The tide of the war turned in American under the able leadership of William Pitt, leader of the House of Commons from 1757 to 1761. Pitt was singularly devoted to defeating the French in North America. With his support, the colonies were amply supplied with troops and provisions. In 1758, Washington led a regiment of Virginia troops in another expedition to capture Fort Duquesne, under the command of General John Forbes.
Prior to embarking on the Forbes campaign, Washington met and wooed a young widow named Martha Custis. Before his departure on the road to Fort Duquesne, the two were betrothed. In 1758, Washington was elected to the Virginia House of Burgesses as representative for Frederick County, an office he held until 1764, though his military duties occupied much of his time and attention during this period.
A notable contrast to General Braddock's disregard of George Washington's advice was the respect tendered his military opinions by General Forbes, who asked the young officer to make for him a plan of march, a tactical scheme for the conduct of an expeditionary force of 4,000 men. It was also astonishing to find the young officer fully prepared to offer the right solution to the problem with tactics so flexible as to change quickly a line of march into a battle line in the event of an attack. The value of this plan was so apparent that it was adopted and followed.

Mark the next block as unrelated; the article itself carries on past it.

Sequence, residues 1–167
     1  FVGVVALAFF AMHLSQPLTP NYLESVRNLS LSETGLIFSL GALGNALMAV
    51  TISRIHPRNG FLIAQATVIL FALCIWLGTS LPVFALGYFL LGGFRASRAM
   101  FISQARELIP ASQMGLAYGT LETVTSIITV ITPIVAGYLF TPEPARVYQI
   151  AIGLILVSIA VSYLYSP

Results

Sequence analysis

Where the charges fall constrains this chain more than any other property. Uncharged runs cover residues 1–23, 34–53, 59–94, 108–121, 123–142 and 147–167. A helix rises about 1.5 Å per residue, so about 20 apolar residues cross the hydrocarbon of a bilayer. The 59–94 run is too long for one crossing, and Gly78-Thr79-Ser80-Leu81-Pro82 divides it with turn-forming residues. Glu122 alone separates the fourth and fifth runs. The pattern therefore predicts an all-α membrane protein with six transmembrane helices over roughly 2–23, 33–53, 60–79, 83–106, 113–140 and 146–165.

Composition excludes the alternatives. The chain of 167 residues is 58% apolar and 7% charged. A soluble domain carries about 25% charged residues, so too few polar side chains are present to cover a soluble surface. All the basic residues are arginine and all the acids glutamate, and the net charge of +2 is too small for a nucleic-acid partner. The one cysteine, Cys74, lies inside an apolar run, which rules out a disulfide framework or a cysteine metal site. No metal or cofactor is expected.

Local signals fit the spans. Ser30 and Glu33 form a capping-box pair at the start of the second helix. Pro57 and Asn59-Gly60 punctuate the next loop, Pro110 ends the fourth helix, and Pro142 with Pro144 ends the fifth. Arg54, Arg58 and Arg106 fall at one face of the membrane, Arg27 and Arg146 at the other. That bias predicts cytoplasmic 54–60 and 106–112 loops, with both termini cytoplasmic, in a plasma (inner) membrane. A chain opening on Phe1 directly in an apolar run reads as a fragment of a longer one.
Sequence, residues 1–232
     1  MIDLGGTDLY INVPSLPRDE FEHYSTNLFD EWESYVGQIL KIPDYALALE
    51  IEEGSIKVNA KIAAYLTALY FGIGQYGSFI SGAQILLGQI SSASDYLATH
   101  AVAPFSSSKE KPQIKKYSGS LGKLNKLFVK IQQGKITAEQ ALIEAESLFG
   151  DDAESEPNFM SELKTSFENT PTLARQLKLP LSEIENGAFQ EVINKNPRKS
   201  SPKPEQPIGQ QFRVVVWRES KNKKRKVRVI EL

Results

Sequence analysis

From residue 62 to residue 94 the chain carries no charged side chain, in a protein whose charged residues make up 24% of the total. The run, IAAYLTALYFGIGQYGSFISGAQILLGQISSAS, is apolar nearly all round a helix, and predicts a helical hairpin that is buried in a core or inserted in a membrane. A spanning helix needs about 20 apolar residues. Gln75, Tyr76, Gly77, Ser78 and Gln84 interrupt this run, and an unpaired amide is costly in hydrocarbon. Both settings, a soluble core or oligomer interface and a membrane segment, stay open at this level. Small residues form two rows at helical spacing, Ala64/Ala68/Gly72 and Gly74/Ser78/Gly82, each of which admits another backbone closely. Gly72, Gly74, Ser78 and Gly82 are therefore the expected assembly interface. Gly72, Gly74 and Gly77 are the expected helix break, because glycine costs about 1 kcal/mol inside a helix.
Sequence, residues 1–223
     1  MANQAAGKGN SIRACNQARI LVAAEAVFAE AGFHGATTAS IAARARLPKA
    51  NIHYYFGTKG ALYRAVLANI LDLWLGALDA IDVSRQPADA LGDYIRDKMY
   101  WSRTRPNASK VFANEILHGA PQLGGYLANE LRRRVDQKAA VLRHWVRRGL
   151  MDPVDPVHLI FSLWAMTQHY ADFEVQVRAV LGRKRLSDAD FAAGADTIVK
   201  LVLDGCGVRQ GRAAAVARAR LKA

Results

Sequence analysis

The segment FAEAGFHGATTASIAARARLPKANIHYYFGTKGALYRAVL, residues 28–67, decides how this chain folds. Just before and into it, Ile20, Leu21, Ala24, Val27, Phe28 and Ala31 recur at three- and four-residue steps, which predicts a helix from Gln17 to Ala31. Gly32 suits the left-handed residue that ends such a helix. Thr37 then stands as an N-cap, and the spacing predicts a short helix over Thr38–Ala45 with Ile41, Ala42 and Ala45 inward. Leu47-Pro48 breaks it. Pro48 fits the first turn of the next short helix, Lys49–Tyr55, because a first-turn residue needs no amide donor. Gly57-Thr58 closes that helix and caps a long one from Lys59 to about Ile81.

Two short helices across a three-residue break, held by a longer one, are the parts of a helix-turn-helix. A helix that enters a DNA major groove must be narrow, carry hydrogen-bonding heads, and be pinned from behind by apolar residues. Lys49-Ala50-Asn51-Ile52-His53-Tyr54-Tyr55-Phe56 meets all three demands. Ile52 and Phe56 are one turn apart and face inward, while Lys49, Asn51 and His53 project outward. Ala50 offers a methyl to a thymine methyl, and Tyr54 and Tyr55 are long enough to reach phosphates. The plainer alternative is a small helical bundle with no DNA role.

General Forbes's expedition advanced with painful slowness. Colonel Henry Bouquet, who had advocated the new route, was energetic, but the making of the new road through the wilderness was very difficult, and the approach to Fort Duquesne was delayed until in danger of being halted by the winter weather.
After the defeat of General James Abercromby in his attack on Fort Ticonderoga, July 8, 1758, Fort Frontenac had been left with only a little over a hundred men to garrison it and was therefore easily captured in August by Colonel John Bradstreet, who crossed Lake Ontario with a force of 2,500 colonial troops.
The loss of this valuable French post cut the French line of communications, and by the time the Forbes expedition appeared the weakened forces at Fort Duquesne abandoned their isolated position. They had routed a rash advance force under Major James Grant, but abandoned by their Indian allies, they could not withstand the main body and after burning their fort, retreated up the Allegheny. It saved the situation, for General Forbes was then fatally ill. The fort was made defensible and renamed by him Fort Pitt (afterwards Pittsburgh). Two hundred of Washington's Virginians were left as a garrison, and the expedition returned to Virginia. The downfall of Fort Duquesne ended the border troubles, just as George Washington had predicted it would, as it had been the base of all the Indian raiding activities. The restoration of order on the border ended the war for Virginia; the French being driven away, the end of 1758 was the end of George Washington's military service in the French and Indian War.
Adapted from "George Washington: Soldier through the French and Indian War" Prepared for the U.S. George Washington Bicentennial Commission, Submitted by Mrs. Franklin B. Wildman, The Picket Post, The Valley Forge Historical Society. January 1966